Faculty/Staff ADA/504 Accommodation FAQ

What is the definition of an accommodation and the Americans with Disabilities Act (ADA)?

A reasonable accommodation, under ADA is assistance or changes to a position or workplace that will enable an employee to do his or her job despite having a disability. This is a long-term change.

“Reasonable” is determined by the essential functions of the job and the interactive process with Faculty/Staff Disability Services.

Who do I contact to start the process?

You can speak with your supervisor or contact us by emailing access@unl.edu or calling Institutional Equity and Compliance at (402) 472-3417.

What are the steps in the accommodation process?

Please see the Faculty/Staff ADA/504 Procedure for Identifying a Reasonable Accommodation.

Why did I get the ADA Supervisory Letter or an ADA packet?

You received the letter or packet because our office was notified you may have a medical condition that may impact your ability to perform essential job functions. Our office wants to be sure you have the opportunity to request an accommodation.

Why was I referred to your office?

If a supervisor becomes aware of a medical condition that may impact an employee’s ability to perform essential job functions, they should refer the employee to Faculty/Staff Disability Services, to ensure that employee has the resources the employee needs.

Who can start the process or make an inquiry?

Anyone can refer a faculty/staff member to our office. However, the faculty/staff member must choose to participate in the interactive process for developing an accommodation plan.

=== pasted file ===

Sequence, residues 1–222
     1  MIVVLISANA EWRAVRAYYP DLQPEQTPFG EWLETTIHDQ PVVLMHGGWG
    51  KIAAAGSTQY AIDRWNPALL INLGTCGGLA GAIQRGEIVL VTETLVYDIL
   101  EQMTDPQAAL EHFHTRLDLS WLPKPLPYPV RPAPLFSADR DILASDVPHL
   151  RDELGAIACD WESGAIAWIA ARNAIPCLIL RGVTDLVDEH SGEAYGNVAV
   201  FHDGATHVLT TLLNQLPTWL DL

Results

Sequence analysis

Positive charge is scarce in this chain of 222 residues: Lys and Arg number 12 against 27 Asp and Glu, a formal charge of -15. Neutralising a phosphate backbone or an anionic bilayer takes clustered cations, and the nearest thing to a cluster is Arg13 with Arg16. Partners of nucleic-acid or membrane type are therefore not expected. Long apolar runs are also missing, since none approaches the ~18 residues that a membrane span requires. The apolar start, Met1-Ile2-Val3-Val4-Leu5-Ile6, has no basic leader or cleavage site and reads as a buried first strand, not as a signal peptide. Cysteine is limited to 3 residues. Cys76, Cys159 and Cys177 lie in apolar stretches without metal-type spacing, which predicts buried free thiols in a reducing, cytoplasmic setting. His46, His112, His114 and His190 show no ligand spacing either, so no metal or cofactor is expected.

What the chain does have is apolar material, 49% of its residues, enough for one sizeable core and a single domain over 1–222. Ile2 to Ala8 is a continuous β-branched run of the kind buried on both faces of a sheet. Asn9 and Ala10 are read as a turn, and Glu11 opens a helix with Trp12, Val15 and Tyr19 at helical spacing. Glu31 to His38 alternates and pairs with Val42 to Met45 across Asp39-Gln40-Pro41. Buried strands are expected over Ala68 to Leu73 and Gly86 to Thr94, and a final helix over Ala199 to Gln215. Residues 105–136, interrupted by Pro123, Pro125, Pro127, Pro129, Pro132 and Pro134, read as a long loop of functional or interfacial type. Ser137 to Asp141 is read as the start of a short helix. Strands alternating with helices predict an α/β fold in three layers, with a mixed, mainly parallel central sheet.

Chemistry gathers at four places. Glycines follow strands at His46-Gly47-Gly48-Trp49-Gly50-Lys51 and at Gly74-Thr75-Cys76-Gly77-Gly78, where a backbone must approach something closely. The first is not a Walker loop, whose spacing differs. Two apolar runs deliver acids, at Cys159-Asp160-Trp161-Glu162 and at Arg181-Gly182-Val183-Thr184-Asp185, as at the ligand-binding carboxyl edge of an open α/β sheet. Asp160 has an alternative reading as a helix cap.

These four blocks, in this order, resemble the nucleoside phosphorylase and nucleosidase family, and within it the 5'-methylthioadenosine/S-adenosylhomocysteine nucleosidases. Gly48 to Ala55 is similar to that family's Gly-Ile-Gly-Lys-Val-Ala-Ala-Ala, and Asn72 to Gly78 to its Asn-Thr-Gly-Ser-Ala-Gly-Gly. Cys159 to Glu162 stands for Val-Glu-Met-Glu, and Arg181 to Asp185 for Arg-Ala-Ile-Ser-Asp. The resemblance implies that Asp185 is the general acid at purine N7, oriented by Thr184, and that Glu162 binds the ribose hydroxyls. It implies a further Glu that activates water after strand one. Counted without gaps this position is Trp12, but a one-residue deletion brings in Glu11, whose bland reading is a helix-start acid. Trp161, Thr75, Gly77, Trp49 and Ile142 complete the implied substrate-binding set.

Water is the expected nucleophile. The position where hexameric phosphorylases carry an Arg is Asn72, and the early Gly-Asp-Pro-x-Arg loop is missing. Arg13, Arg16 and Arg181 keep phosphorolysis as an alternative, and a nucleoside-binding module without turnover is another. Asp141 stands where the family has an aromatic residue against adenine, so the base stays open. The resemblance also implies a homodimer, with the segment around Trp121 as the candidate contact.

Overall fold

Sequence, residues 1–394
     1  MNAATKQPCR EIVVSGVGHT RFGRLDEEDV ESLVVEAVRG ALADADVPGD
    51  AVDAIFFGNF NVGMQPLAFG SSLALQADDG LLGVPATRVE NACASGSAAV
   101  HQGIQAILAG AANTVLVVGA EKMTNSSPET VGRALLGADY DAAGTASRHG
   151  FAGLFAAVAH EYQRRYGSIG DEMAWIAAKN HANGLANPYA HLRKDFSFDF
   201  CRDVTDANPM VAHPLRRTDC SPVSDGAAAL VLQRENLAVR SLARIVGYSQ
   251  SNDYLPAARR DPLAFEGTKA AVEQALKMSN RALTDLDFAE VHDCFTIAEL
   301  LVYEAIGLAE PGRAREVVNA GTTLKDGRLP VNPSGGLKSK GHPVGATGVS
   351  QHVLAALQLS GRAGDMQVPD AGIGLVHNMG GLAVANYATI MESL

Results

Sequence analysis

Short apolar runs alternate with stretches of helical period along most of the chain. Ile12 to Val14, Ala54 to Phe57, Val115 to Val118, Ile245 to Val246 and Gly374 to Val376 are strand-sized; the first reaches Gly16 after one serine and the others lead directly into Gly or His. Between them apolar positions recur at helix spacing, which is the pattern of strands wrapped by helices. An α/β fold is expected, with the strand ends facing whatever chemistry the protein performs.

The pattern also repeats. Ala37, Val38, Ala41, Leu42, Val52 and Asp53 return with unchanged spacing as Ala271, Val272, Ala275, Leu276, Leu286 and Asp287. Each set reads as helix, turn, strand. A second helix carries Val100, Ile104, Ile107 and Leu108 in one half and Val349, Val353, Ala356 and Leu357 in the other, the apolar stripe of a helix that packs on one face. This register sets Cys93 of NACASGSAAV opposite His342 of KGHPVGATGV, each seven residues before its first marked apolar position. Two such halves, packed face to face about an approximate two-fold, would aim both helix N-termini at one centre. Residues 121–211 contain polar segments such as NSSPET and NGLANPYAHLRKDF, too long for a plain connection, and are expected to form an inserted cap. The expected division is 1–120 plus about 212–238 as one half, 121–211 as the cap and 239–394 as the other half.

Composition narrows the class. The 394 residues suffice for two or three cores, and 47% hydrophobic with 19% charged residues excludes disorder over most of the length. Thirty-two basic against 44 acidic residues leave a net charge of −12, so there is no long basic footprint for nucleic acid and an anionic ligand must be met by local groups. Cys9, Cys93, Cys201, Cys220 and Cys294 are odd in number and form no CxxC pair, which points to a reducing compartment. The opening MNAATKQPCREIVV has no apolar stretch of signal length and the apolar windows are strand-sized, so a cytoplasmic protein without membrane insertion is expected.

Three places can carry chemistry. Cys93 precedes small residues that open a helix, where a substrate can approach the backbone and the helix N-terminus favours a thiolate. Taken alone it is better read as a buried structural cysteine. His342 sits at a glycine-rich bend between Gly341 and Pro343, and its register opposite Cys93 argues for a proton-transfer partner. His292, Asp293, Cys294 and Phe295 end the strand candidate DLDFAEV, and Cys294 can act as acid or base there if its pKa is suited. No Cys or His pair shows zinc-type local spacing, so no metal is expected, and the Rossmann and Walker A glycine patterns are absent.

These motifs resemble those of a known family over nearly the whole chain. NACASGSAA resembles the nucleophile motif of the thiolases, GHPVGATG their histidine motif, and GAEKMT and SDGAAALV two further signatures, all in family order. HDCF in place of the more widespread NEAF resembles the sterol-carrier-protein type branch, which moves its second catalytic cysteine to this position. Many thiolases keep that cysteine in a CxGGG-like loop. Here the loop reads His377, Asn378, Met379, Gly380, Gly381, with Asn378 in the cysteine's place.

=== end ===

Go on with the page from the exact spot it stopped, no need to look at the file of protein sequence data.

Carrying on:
What type of accommodation would you offer me?

The type of accommodation will depend on your medical condition, the essential job functions impacted, and the information we receive from your health care provider. The interactive accommodation process exists because each situation is unique.

Is Faculty/Staff Disability Services part of Human Resources?

The Americans with Disabilities Act requires that medical files are maintained separately from personnel records. Because of this, Faculty/Staff Disability Services functions separately from Human Resources.

How long will this process take?

The process is dependent on many factors, including how long it takes employees, health care providers and supervisors to respond. If you are concerned about how long the process is taking, contact us and we can figure out what is slowing things down.

Who will see details of my medical information and accommodation plan?

Faculty/Staff Disability Services maintains records with sensitive medical information. We communicate the accommodation plan with your supervisor and people who have a need to know about the accommodation. A medical diagnosis is never shared.

Do I have to take time off to come visit your office during work hours?

Generally, no. If you notify your supervisor that you need to speak with us, they must arrange for you to be able to consult with us during work hours.

If you are uncomfortable with your supervisor knowing that you are coming to meet with us, we can arrange to meet with you on your lunch hour, or at another convenient time.

I am pregnant. Do I qualify for accommodations under the ADA?

Pregnancy itself is not considered a disability; however, medical conditions arising from pregnancy might be (for example, gestational diabetes). For more information or if you have concerns, please contact our office.

If you have questions regarding alternative parking arrangements, please contact us.

You can also visit the Human Resources Parental Leave webpage.

My supervisor and I have spoken about my condition, and we have come to an understanding that works for me. Why do I need a formal accommodation plan?

A formal accommodation plan protects you in case your supervisor changes or your relationship with your supervisor changes. Your accommodations plan can also be updated if your job duties change or you take a new job at the university. If your medical condition changes, the accommodation plan can be updated. Finally, options for assistive technologies are changing and improving all the time and formal accommodations inform us to plan for resource needs.